Advanced Television

Research: Late action boosts ad values in Euro 2024 QFs

July 10, 2024

Football fans were treated to some decisive action late in the game in each of the Euro 2024 quarter-finals. From last gasp equalisers and winners to penalty shootouts, the action really came in the second half and beyond in each match. As a result, the viewing and advertising trends from Yospace, the dynamic ad insertion company, and gathered from broadcaster customers across four continents, capture the unpredictable peaks in ad views that come with top-level sport.

The uncertain nature of live sport makes planning addressable advertising at scale increasingly challenging. With each game placing very different demands on the technology involved for both streamers and advertisers, the tournament highlights some of the challenges that lie ahead as rights-holders move to an all-IP future.

Spain’s 119th minute winner against Germany

The July 5th game came to a head in the 89th minute. With Germany on the verge of becoming the first host of the Euros to exit at the quarter final stage, they scored a last minute equaliser, forcing extra time. Half an hour later, on the verge of a penalty shootout, Spain’s Mikel Merino hit the back of the net to knock out the hosts.

The CTV audience grew steadily throughout the match as the drama unfolded. Mobile was more changeable, with surges in viewership coming after each goal, reaching a peak with Germany’s last-minute equaliser.

The ad break at the final whistle of normal time suddenly increased in value as it came moments after Germany’s dramatic equaliser. It was the most popular ad break for a number of broadcasters. Full-time ad breaks typically generate significantly lower viewing figures than at half-time, but this ad break saw an 83 per cent increase in ad views among some viewer segments when compared to the trajectory of ad breaks in the group stages..

France’s spot kick precision the only way through

July 5th’s other match was, in comparison, a duller spectacle with no goals after both full time and extra time. France went on to beat Portugal 5-3 on penalties to add some late drama to an otherwise ordinary game.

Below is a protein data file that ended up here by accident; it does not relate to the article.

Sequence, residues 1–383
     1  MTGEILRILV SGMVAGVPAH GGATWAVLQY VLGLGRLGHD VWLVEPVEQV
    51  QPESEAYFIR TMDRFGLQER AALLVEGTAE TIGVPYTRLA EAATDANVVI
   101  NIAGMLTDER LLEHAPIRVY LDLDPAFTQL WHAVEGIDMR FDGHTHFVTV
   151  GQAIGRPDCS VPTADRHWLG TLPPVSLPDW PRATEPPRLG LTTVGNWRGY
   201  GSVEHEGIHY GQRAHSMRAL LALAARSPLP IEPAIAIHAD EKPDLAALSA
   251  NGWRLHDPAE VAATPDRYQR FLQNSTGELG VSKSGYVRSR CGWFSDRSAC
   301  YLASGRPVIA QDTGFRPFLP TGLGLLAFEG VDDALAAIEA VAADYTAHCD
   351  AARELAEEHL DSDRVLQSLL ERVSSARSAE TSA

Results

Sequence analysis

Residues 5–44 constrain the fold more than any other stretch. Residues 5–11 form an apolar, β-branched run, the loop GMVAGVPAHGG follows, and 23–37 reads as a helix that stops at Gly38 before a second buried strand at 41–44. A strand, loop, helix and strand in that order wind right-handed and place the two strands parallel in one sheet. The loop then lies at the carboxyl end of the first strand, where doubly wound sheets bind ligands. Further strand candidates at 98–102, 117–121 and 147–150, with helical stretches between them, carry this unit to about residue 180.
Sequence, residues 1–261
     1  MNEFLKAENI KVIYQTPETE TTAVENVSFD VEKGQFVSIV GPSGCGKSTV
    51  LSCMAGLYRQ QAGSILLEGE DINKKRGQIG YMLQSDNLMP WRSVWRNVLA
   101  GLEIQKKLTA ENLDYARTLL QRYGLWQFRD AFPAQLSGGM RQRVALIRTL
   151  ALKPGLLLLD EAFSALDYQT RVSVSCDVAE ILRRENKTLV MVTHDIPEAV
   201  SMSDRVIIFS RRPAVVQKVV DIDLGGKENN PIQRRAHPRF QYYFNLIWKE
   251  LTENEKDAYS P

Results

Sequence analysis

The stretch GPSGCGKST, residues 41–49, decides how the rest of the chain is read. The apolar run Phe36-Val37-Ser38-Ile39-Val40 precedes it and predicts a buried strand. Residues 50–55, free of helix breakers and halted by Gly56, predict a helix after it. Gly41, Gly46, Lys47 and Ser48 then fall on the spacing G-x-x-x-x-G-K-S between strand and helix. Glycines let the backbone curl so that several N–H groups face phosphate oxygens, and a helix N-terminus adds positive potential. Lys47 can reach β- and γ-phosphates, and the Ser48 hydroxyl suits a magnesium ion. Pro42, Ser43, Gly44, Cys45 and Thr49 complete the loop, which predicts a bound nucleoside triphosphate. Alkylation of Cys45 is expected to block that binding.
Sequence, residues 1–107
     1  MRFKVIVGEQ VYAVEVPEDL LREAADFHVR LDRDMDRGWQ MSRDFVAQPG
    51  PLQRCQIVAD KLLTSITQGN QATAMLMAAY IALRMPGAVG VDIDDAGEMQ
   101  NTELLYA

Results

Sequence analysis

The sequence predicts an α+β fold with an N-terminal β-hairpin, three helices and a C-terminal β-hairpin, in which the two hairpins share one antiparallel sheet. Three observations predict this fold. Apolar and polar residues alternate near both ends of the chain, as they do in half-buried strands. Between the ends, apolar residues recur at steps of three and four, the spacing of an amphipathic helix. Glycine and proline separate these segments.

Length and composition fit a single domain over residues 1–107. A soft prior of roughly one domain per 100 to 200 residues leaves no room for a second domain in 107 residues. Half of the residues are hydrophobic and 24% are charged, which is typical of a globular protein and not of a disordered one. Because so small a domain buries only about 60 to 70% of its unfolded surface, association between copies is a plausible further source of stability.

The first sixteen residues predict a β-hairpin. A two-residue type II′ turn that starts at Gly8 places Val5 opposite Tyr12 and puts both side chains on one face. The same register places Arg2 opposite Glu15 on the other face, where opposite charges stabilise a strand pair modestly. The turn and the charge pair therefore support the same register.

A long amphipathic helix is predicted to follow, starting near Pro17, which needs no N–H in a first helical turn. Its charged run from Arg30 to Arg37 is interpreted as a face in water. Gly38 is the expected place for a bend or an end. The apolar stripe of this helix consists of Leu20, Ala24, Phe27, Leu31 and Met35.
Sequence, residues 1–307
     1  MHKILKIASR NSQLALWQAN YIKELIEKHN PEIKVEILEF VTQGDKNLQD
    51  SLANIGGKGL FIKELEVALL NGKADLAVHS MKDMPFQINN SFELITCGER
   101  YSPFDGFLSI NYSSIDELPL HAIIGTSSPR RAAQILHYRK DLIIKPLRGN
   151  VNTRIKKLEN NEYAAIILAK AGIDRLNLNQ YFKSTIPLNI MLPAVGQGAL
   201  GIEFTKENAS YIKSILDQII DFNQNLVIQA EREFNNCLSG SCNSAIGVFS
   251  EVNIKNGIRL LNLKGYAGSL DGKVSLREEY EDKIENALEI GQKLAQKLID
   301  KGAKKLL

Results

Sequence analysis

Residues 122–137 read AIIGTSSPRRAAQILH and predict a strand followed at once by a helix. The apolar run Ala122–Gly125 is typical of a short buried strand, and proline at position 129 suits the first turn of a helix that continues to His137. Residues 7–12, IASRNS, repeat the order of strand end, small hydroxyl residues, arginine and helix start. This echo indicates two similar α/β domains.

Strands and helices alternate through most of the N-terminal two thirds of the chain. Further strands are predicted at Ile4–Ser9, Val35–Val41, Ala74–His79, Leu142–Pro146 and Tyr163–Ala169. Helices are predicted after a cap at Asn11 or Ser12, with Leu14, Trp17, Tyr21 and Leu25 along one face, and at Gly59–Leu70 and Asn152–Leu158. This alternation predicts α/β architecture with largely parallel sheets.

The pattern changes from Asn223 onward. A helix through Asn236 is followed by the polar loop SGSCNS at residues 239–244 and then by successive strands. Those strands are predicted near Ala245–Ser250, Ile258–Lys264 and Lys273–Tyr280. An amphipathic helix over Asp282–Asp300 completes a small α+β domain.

The audience for the match built slowly over 120 minutes as the prospect of a goal became more decisive to the outcome of the game. It reached a crescendo for penalties, with the ad break right before penalties gaining 42 per cent more viewers than at full time.

England’s Saka and Pickford save the day

As England took on Switzerland on July 6th, there were not a lot of clear-cut chances until the 75th minute when the game suddenly burst into life and Switzerland took the lead through Breel Embolo. This woke up England and Bukayo Saka responded just five minutes later. A goalless extra time meant the game was decided by the high drama of a penalty shootout and thanks to an early save from Jordan Pickford and five flawless penalties, England saw their way through to the Semi Finals.

As with the action, the audience ramped up across the four phases of the game: first half, second half, extra time and then penalties. Concurrent viewers grew steadily, with each phase drawing more viewers than the one before.

The ad break right after England’s shoot-out victory garnered almost double the views as at full time in normal play.

Netherlands overcome Turkish underdogs

Underdogs Turkey took the lead against The Nethelands in the first half of their July 6th match and fought hard for a second. Arguably the most action-packed match of the quarter-finals, The Netherlands stepped up a gear in the second half and scored two goals in quick succession deep into the match to take the win.

Audiences anticipating an upset were more than double the start of the second half compared to the first. With match notifications ringing around the world, mobile traffic surged when The Netherlands scored two goals in quick succession. As Turkey launched a heavy attack in search of an equaliser, the audience grew steadily to the end of the match.

Even though there were no unscheduled ad breaks in this game, as the result was decided in normal time, the added excitement of the last 20 minutes caused the ad break after the final whistle to be much more popular. In usual circumstances, a half-time break would have more viewers than at full-time. This game generated 7 per cent more viewers during the full-time ad break compared to half-time, and a 92 per cent uplift compared to a full-time ad break in the group stages.

Commenting on the quarter-final action and how it impacted viewing and ad trends, Tim Sewell, CEO at Yospace said: ”These games just go to show the unpredictable nature of streaming live sports, trying to plan for the unexpected big moments and the technical challenge of unscheduled, addressable ad breaks. The more rights-holders can pre-empt and prepare for the unpredictable nature of sport, the greater the opportunity to turn these twists and turns into a winning formula for advertisers as well as sports fans”.

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